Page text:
Thanks to Employee Surveys, PwC Australia Discovers the Startling Truth That Money Motivates Their People

Australian Financial Review is reporting today that PwC Australia is digging deep into their pockets and expanding the bonus pool based on input from employees who shocked the firm by making it clear that money is what motivates them above all else.

PwC will increase the pay of its 8000-strong staff at a faster rate between formal promotions and double to 80 per cent the proportion of staff who can earn bonuses, under new benefits designed to retain and attract employees.

The firm will also cut the number of remuneration bands from thousands to hundreds, which will then be applied consistently across the organisation.

“We’ve launched our new strategy in response to the feedback our people gave us in our recent total reward and employee engagement surveys. Fixed and variable pay was ranked as their most valued reward, followed by the opportunity for career progression and professional development,” said PwC Australia CEO Tom Seymour.

Under the new plan, pay increases will be higher between promotions however at the cost of a smaller increase come promotion time. In other words, it’s the same pay increase over time, just spread out so that you aren’t getting such a large bump at promotion time. As everyone knows from studying time value of money in FAR, you’d obviously rather have a dollar today than a dollar tomorrow.

Here’s an example given by the firm:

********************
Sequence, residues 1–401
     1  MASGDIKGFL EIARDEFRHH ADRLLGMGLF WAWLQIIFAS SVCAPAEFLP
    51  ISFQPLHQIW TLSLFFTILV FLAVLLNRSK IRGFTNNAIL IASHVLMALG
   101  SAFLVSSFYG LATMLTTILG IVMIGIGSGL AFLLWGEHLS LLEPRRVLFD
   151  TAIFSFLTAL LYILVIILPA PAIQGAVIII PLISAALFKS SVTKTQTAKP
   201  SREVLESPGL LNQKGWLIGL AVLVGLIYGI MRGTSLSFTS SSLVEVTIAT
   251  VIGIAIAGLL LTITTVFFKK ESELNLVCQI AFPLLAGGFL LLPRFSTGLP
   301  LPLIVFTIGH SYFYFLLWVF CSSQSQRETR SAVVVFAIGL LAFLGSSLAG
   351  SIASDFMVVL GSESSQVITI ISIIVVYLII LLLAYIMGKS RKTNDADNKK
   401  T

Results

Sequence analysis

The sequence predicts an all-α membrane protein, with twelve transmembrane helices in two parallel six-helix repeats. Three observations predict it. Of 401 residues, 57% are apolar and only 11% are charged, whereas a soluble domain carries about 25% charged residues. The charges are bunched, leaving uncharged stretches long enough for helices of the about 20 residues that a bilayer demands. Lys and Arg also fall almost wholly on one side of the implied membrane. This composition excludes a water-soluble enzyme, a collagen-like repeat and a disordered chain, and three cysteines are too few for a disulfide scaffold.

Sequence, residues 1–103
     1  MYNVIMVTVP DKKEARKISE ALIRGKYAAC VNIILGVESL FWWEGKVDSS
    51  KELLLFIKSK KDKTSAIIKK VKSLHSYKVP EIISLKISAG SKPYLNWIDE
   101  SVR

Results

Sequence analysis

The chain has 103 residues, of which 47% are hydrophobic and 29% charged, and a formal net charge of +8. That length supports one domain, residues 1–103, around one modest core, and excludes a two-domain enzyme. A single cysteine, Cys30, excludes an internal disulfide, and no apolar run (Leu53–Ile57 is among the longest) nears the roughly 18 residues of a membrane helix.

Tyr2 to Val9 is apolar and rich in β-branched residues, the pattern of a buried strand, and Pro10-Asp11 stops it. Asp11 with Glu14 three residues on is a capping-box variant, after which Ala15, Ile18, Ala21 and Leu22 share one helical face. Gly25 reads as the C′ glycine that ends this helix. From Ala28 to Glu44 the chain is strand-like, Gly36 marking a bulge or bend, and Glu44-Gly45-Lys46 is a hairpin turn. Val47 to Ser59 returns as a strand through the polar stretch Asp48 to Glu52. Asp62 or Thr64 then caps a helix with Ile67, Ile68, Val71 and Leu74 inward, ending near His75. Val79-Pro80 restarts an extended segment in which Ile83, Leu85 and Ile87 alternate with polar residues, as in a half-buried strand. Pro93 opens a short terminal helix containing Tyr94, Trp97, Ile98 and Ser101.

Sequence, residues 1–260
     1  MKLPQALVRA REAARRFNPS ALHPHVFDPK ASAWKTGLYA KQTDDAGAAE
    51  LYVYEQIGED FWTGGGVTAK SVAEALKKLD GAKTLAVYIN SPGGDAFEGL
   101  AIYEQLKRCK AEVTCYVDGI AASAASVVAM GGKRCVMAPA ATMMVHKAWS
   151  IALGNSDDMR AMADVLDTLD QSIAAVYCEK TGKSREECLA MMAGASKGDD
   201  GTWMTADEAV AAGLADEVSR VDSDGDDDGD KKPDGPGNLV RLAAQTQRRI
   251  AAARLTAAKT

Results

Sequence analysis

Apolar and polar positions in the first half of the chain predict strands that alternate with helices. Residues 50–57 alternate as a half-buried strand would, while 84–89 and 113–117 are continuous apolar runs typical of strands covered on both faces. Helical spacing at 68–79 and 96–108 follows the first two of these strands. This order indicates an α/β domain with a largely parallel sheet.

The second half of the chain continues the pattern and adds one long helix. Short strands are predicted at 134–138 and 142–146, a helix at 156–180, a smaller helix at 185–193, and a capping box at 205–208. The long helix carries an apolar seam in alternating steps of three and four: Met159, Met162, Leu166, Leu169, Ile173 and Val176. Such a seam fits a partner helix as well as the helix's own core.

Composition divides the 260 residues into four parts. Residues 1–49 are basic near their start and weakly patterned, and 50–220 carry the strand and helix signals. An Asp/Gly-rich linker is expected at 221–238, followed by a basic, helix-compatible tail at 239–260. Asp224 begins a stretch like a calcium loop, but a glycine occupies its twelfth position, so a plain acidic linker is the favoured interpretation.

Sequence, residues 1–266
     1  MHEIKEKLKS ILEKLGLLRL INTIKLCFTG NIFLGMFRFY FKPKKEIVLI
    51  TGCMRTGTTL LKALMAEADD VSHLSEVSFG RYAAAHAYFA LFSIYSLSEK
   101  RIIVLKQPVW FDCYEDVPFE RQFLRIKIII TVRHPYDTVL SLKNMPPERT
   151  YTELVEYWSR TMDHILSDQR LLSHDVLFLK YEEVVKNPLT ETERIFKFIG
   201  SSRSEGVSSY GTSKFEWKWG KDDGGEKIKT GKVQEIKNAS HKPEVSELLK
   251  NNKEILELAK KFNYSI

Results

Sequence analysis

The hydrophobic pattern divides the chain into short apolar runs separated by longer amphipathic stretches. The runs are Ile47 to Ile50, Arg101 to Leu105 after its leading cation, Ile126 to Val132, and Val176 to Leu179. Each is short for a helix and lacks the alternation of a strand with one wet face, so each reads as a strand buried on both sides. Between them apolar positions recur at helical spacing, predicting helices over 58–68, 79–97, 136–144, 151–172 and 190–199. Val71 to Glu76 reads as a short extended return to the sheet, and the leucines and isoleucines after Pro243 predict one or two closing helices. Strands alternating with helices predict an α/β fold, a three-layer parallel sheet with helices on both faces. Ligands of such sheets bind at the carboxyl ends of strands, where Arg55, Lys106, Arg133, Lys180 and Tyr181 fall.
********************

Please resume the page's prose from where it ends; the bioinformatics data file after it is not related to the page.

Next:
A PwC professional could expect their pay to increase by five per cent a year over three years before receiving an eight per cent bump when they were promoted to a new rank in the fourth year. Previously, they would have received three per cent pay increases for three years before a larger 14 per cent increase when they were promoted in the fourth year.

Either way, the pay would have increased by 25 per cent, from the theoretical $75,000 to $94,000, over the four years.

In a post on LinkedIn, PwC Australia covered the $15 million investment it is making in training and education as part of the overall strategy to set itself apart from other firms in the ongoing war for talent.

We’re proud to launch ‘PwC Academy’, a unique learning and development opportunity for our 8,000-strong Australian workforce. We’ve designed the Academy in consultation with people across all levels of the business, ensuring a world-class, fit-for-purpose program to build skills.

Through ‘PwC Academy’, our staff will build credentials—working towards an MBA-equivalent qualification—and develop leadership skills in a range of areas including environmental, social and governance (ESG), and wellbeing.

‘PwC Academy’ is part of our ‘Total Reward’ strategy, designed to attract, retain and motivate our people. Other new rewards and initiatives include a ‘New Balanced Lifestyle Benefit’, enhanced scope for taking time off for physical and mental health, more ‘floating’ holidays, and access to a range of deals and discounts.

Interpret the suspicious quotations however you like.

Like everywhere else, Australia is desperate for accounting professionals. So much so that they recently added accountants, taxation accountants, management accountants, external auditors and internal auditors to the Priority Migration Skilled Occupation List (PMSOL), meaning visa applications are prioritized for those individuals. This, says CPA Australia, creates “a pipeline of accounting talent which will stand the nation in good stead.”

You may also be interested in the AFR consulting salary guide. It only covers consulting (obviously) but gives you an idea of how PwC Australia stacks up to its competitors. PwC (and Deloitte) confirmed the data included in the report, while KPMG and EY denied AFR’s request to do the same.

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2 Comments

  1. Let me get this right: PwC employees prefer to earn an increase of (5×3)+8=23% over four years instead of a (3×3)+14=23% over four years. Sounds like they’re due for a maths refresher. Why are you suggesting the firm is going to have to dig deep to find the additional funds?

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